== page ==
After receiving approval from the Commonwealth, Mason began organizing land acquisitions that would be home to the future campus of the Institute. By 1995, the University had acquired enough land to start building a new campus. On September 14, 1995, Dr. Johnson presided over a groundbreaking ceremony for the new location of the Prince William Institute. Various representatives from Prince William County and George Mason were given puzzle pieces which, when put together, formed a map of the new campus. The joining of the puzzle pieces symbolized the many partnerships that were needed to create the institute’s new home.
Dr. Johnson retired at the end of the spring 1996 semester and was succeeded as President by Dr. Alan G. Merten. During Dr. Merten’s first month in office he was briefed on all ongoing projects, including the construction of the Prince William Institute’s permanent home. At the time, the Fairfax Campus was referred to as the Main Campus and the Arlington Campus was referred to as the Metro or Law School Campus. Merten felt that unless the Prince William Institute was formally recognized as a “campus,” it would appear inferior to Mason’s other two locations. Therefore, one of Dr. Merten’s first decisions as president was to change the new location’s name to the Prince William Campus.
The Prince William Campus was dedicated on September 24, 1997, when the first building on its grounds opened. Since the campus’ opening, Prince William has constructed other academic buildings, the Hylton Performing Arts Center, the Verizon Auditorium, Bull Run Hall and and the Freedom Aquatic & Fitness Center. The campus is also home to the Edge, a popular team-building facility in the Northern Virginia area. George Mason’s third location has been widely successful, with an enrollment rising from 1,000 students in 1997 to over 2,200 students in 2010. The Prince William Campus is still growing physically, with a new addition to one of the academic buildings and student housing set to be completed in 2013. As Mason continues to thrive in the future, the Prince William Campus will be a vital part of its success.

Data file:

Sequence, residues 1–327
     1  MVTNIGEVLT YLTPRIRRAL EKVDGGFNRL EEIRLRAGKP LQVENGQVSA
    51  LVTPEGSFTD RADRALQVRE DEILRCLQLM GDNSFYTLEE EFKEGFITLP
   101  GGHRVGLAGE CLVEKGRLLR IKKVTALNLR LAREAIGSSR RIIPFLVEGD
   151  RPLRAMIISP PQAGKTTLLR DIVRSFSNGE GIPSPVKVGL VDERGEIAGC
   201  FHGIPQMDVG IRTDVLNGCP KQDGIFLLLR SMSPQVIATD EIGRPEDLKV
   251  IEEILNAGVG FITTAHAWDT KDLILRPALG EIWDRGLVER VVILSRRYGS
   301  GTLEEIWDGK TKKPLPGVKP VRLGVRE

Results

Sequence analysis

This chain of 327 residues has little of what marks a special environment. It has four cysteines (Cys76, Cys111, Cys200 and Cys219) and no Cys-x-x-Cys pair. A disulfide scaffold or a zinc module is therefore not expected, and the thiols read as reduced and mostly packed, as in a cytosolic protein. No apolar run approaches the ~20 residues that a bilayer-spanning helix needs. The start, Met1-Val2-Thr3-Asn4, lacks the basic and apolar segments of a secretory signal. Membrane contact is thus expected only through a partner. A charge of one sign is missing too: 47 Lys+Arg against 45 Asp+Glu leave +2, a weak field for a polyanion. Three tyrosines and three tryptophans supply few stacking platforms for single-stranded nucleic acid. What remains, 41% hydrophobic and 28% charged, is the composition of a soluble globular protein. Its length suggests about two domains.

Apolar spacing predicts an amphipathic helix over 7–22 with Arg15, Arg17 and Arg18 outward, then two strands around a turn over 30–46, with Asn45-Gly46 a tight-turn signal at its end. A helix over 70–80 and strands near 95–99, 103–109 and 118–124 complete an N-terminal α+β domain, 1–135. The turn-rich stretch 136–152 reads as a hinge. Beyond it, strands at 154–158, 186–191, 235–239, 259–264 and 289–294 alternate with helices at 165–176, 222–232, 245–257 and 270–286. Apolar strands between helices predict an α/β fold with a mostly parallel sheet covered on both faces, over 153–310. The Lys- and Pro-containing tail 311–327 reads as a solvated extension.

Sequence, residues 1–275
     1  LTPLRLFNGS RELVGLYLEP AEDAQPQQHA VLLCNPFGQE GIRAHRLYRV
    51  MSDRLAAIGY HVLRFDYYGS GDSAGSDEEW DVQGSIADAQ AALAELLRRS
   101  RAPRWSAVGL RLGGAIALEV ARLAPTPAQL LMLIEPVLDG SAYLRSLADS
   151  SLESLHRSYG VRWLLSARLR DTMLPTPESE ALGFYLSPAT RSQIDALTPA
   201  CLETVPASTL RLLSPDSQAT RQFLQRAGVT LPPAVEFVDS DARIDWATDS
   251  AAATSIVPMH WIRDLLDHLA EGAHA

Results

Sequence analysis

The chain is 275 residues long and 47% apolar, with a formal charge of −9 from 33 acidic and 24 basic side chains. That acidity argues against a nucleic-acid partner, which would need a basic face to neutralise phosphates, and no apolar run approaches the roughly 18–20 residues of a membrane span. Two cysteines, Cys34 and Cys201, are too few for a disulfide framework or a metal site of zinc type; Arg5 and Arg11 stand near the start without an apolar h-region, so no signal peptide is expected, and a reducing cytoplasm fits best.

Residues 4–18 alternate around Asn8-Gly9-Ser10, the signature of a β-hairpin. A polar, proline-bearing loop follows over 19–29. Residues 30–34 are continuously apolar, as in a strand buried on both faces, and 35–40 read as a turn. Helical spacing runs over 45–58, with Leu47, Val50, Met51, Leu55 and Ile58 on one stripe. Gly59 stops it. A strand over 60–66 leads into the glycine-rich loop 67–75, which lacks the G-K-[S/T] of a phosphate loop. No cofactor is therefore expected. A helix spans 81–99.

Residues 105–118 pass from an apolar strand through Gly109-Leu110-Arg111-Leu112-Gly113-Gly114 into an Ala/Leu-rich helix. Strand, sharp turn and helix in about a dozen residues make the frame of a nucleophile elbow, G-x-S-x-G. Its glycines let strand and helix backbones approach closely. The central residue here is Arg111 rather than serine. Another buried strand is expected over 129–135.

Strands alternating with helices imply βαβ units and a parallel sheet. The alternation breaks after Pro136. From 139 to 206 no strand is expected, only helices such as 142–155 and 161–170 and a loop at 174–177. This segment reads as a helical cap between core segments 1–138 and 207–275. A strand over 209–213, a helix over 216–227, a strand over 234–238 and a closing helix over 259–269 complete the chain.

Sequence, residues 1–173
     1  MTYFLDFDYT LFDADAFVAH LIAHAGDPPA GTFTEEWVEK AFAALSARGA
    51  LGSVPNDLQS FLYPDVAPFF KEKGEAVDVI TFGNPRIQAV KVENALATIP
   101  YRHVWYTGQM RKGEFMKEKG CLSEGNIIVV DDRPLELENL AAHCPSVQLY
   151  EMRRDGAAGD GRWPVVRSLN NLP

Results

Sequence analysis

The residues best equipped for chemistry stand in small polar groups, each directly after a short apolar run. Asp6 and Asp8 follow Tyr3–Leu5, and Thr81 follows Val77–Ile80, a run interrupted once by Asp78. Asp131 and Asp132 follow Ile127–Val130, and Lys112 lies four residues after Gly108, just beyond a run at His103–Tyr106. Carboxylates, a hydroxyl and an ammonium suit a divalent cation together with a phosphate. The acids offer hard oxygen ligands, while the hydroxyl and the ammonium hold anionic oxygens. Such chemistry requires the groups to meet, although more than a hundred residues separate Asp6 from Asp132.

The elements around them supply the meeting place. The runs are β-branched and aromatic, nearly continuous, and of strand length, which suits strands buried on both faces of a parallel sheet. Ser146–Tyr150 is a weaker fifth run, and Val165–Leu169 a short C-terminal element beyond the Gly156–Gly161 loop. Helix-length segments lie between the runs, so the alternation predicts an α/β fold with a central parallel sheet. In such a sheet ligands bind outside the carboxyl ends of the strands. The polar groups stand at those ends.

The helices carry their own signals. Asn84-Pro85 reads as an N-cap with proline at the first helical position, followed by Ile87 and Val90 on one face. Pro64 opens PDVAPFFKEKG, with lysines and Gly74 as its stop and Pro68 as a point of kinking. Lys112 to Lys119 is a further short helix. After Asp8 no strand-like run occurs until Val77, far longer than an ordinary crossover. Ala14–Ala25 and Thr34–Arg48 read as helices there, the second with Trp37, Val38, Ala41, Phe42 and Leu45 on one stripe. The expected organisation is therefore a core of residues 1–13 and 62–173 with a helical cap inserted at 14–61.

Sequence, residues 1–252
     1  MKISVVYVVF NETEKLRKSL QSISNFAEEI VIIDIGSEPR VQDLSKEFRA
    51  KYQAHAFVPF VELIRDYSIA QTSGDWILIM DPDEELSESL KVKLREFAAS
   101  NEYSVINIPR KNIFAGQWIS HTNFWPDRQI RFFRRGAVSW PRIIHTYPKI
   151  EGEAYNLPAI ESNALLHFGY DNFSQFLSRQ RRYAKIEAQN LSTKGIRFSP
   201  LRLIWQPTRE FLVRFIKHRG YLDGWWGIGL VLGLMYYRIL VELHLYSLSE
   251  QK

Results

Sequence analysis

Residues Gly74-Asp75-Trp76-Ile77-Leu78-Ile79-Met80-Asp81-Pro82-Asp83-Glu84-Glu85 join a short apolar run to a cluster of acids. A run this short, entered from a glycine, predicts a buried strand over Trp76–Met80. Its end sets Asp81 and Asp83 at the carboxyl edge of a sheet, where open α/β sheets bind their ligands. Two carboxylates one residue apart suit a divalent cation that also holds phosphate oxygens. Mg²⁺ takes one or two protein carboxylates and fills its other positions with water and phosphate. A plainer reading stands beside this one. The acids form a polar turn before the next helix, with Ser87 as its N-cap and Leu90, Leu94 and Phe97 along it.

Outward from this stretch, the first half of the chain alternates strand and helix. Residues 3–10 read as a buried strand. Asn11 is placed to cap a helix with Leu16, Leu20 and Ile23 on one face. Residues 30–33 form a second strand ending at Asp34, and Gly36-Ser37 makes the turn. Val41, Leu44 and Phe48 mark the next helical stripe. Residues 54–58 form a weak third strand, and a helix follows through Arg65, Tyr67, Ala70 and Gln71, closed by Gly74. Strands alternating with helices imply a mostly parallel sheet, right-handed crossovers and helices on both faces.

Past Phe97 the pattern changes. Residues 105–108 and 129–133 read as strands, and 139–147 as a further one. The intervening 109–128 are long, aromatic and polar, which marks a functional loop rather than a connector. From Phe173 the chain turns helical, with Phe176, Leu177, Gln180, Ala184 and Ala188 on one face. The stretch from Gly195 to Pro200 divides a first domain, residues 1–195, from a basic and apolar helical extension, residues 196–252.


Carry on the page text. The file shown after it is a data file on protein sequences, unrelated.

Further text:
Browse items pertaining to the Prince William Campus.
 Abstract for “University Presence in Prince William County” (Item 12.A), Office of President Records 85.19
 Letter from Dr. Johnson to Lloyd M. DeBoer (Dean, School of Business Administration), April 21, 1988, Office of President Records 85.20
 Letter from Kathleen Seefeldt (Chairman, Prince William Board of County Supervisors), August 10, 1998, Office of President Records 85.20
 A Proposal for a University Presence in Prince William County, September 1989, Office of President Records 85.19
 “The Prince William Institute: An Innovative University Presence in Prince William County,” Library Records 149.9
 Board of Visitors Annual Meeting Minutes, September 15, 1987, BOV Minutes 7.14
 Board of Visitors Minutes, May 17, 1988, BOV Minutes 7.20
 Speech by George Johnson at Groundbreaking of Prince William Institute, September 14, 1995, Office of President Records 94.49
 Dr. Alan Merten Oral History 2010
 Mason Gazette, September 23, 1997
 University Factbook 2010-2011